Decision to Retain Embassy Parking Lot in Paris, France, Should Be Revisited
GAO-01-477, Apr 13, 2001
The U.S. government owns a 0.4-acre lot adjoining the U.S. ambassador's residence in a prime location in Paris, France. In 1998, the State Department's Office of the Inspector General reported that the property was underused and that using this high-value property was not economically justified. GAO found that State's decision in February 2000 to continue using the lot for parking was not based on a full consideration of security needs, secure parking alternatives, and the merits of selling the property. French authorities have indicated that the property is valuable and marketable. At a time when the State Department has billions of dollars of security construction and maintenance needs at its embassies and consulates around the world, the sale of the parking lot in Paris, France, should receive serious consideration if State can arrange alternative, cost-effective, and secure parking for official vehicles and if a purchaser would pay $10 million for the lot.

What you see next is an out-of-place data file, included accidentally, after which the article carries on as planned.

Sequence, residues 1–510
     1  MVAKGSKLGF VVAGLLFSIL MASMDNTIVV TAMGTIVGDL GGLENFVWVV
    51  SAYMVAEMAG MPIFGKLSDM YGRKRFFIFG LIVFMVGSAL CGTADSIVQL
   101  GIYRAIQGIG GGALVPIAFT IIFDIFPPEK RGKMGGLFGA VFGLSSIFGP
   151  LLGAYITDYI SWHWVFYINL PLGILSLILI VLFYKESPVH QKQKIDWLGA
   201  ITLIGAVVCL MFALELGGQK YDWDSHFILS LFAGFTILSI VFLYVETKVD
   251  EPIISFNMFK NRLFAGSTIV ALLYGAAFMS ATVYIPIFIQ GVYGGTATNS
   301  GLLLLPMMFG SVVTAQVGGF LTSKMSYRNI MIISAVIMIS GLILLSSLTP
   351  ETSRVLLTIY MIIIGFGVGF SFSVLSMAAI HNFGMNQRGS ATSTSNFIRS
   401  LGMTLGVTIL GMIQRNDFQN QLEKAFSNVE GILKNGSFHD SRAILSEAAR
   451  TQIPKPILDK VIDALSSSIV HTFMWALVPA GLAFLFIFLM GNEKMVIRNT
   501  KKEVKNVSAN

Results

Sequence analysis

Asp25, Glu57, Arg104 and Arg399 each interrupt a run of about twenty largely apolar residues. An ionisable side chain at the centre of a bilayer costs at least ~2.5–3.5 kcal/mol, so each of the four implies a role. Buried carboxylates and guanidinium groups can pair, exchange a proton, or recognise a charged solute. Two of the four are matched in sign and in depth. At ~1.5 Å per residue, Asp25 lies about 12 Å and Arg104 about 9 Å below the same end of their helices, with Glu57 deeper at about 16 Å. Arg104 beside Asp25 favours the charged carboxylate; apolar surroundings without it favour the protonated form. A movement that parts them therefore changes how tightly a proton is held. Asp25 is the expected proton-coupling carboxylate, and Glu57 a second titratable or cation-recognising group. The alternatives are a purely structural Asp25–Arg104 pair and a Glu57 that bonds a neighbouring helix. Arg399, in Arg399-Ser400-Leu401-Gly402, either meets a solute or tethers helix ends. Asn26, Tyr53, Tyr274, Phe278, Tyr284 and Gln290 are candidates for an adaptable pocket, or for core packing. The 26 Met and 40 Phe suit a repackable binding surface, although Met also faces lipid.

- Review Pending
- Closed - implemented
- Closed - not implemented
Matter for Congressional Consideration
Matter: In view of State's position, Congress may wish to consider requiring that State perform a comprehensive study to determine the feasibility of selling the parking lot.
Status: Closed - Implemented
Comments: In its report "State Department: Decision to Retain Embassy Parking Lot in Paris, France, Should Be Revisited" (GAO-01-477, April 13, 2001), GAO identified a U.S. government-owned building in Paris, France that could be sold. The Ambassador, in 2000, had proposed selling this building as part of a plan to improve security and reduce overall U.S. government real estate holdings in Paris. State at the time decided to retain and renovate this building, but later decided to sell it. This building, called Building D, was sold in June 2003 for $42.4 million.